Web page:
Avec le temps.

sea lines.

the ebbing of foam and
spray from sea lines
reveals glittering calico
pebbles and shell fragments
on coastal sands.
during the interim of
drought and abandonment,
the brilliance of this
treasure trove is dulled
by disclosure and desiccation.
there they remain,
rather indistinguishable
from the multitudes,
and dream of baptism
by tidal reclamation.

retrospective.

over the decades,
endings muted into beginnings
like swirls of blue-grey smoke
creeping towards alabaster palaces
in primordial consciousness.
there, in the garden of creativity,
the ashes of one zillion charred
impulses rained heavily upon
furrows of expectations,
cultivating dreams with experience.

déjà vu.

last night,
while leafing through an old family album,
i saw an ancient photograph of my father
modelling my nehru jacket and hippy beads.
i smiled,
remembering how he would always tell me
that one day i’d grow up to be ‘just like dad’ …
it’s strange to think that long hair,
hitchhiking, and hit songs with singable lyrics
felt no more ludicrous then than lavish
christmases, gym memberships and nouvelle cuisine
do now.
and i’m repeatedly amazed at how quickly
personal revelations become ‘period pieces’ —
modernity lasts but a mere second in
life’s journals of redundant cliches:
from white dress shirts to
paisley to stripes
and back …
this morning,
while shaving in the bathroom mirror,
i frowned at my receding hairline
and then laughed to myself while
thinking: you know — ‘crazy old dad’
wasn’t so wrong after all.

the death of poetry.

fifteen years ago —
when poetry was still popular —
my creative writing teacher preached that,
while history repeats itself by nature,
a good poet never does.
frowning particularly upon
‘that ever-stuttering gertrude stein’,
and assailing the beats as opportunists
in an age of trend, he warned
that the death of poetry
was approaching and that its demise
would precipitate intellectual senility.
the spunky old man lives in a rest home now,
and barely recognizes me when i visit.
yet, nothing can tarnish the love i feel
as he excitedly engages me with the same
damn stories i’ve heard for fifteen years,
over … and over … again.

DAEDALUS 3: ELEGY.

Icarus, my son —
In all honesty I guess we were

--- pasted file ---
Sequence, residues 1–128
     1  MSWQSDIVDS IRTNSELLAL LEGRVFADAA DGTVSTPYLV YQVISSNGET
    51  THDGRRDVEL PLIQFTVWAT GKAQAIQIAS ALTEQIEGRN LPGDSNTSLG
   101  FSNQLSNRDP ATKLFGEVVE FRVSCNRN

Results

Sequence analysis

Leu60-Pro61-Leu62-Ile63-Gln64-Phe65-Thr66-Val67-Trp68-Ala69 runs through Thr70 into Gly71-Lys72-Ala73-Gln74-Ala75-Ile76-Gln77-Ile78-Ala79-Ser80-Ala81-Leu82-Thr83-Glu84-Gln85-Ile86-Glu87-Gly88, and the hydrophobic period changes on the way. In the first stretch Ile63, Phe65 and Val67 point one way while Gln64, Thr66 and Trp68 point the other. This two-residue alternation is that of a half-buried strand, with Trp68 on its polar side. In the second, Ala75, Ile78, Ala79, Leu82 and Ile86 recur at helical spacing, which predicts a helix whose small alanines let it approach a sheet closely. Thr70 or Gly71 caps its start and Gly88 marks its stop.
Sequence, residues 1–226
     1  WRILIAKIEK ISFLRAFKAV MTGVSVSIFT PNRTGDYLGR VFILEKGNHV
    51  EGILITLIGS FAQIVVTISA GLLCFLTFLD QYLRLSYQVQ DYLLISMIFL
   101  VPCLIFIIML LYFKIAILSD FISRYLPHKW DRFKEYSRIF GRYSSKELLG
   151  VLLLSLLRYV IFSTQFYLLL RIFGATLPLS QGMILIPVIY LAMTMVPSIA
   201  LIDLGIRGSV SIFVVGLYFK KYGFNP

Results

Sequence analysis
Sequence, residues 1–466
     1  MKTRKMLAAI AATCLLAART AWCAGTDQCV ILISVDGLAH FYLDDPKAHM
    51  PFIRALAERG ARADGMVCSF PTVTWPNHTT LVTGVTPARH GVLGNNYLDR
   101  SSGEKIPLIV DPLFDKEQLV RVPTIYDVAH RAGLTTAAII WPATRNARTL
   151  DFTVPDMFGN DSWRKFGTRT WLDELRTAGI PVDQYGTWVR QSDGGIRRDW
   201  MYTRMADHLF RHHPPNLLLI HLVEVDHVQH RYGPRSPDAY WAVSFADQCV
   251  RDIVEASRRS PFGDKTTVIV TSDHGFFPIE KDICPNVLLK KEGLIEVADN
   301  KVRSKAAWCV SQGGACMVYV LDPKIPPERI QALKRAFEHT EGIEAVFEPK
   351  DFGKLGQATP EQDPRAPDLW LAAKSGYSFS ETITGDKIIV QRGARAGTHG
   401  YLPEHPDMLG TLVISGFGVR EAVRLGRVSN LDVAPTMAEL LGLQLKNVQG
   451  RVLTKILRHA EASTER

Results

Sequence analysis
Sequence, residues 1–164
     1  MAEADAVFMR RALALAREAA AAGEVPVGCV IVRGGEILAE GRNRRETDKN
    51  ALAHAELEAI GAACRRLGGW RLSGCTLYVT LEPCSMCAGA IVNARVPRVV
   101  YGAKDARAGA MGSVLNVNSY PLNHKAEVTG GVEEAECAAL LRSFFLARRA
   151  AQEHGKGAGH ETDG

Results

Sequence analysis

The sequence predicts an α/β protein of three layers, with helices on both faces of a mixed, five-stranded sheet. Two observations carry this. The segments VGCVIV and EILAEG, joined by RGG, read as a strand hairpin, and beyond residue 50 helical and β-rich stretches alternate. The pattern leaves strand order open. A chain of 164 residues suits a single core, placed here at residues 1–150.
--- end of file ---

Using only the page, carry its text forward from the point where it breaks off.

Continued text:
Always walking on the edge.
Suspended tautly between highs
And lows, we feared mediocrity
More than imbalance.
For us, challenge was but
The means of attaining individuality;
A space unto ourselves and
Forever out of reach of
Those who dreamed but
Never dared to risk.
We soared like eagles and
We fed on desires that
Sting the heart, yet
We neither gave nor received
Beyond our passion for
Excellence through solitude.
And now that I have witnessed
The birth of my conscience,
There remains no other recourse
Than to re-invest myself in
The ongoing saga which is the
Phenomenon of life.
Heretofore, I’d always thought
That phenomenon is emptiness;
But having now lost all
That has been dear to me —
I realize that emptiness
Is a kind of phenomenon.

THE RIDDLE.

Leading the procession of
Thirty haggard mercenaries in
Tattered finery was a short,
Dark-complexioned man with
Dirty black curls and a
Glint of twilight and
Magic in his eyes.
The demeanor of this
Broken-down gypsy with
Affectations of pomposity
And courtly grandeur incited
Both laughter and suspicion
Amongst the curious Sicanians.
Yet – his fixed smile and
Piercing gaze betrayed nothing
But charm as he extended his
Palm holding a simple spiral
Seashell, and said:
“I’ll bet YOU can solve this riddle!??”

VENGEANCE 2: SICILY.

King Cocalus was taken by surprise
In the twenty-fourth hour when
Minos and his band of thirty
Burst into the royal bedchamber
Armed with torches, swords and
A dagger positioned against the neck
Of the fair princess of Camicus,
Held in ransom for he who
Solved the riddle.
Looking into his frightened daughter’s eyes
Cocalus knew at once that the
First battle had been lost but
Conceded with a smile as his
Bitter mind was already scheming
At a plan for final victory.

MINOS.

In an expression of growing impatience,
The disapproving gods comment with a sigh:
“Must we be continually aggravated
by these shadows of a man
of stature and consequence,
now diminished into comic parody
by desperation and delusion?
The truth is that no one
really cares about a star
that has lost its shine ..
A king without a kingdom is
either a pirate or a buffoon.”

THE SCALDING.

The slow dripping of water
Upon blistered skin and flesh
Stages the final element of torture
For the deposed king as each
Drop threatens to erode more
Permanently all hope for
Recovery and revenge.
Melodic shrieks of agony
Maintain symphonic balance
Against the rhythmic trickling,
Indicative of the ironic horror
Endemic to nature’s inevitable
Triumph over civilization
And artificiality.
Perhaps the greatest severity
Is the cruelty of mortality;
For chronology minimizes
Individual humanity with
Each passing moment.

DAEDALUS 4: LAMENT FOR A DYING KING.

It shatters me to see you
Lying there so helplessly;
Playing the ‘waiting game’
Without judgment or choice.
Fearing life now more than death,
You transcend the impatience of desire
Through constancy of pain and
Resignation to the inevitable.
In a singular gesture of compassion,
Your pale lips force a smile
Which silences the teardrop
Skidding down my face; and
Momentarily I turn away inside myself,
Embarrassed by my own self-indulgence.
Still smiling,
You take me by the hand and
Squeeze a bit of your precious life
Into mine, as if to say:
“I know … I know …
(we all live on borrowed time).”

(excerpts from “Collected poems and stories”, Adam Donaldson Powell, 2005, Cyberwit.)

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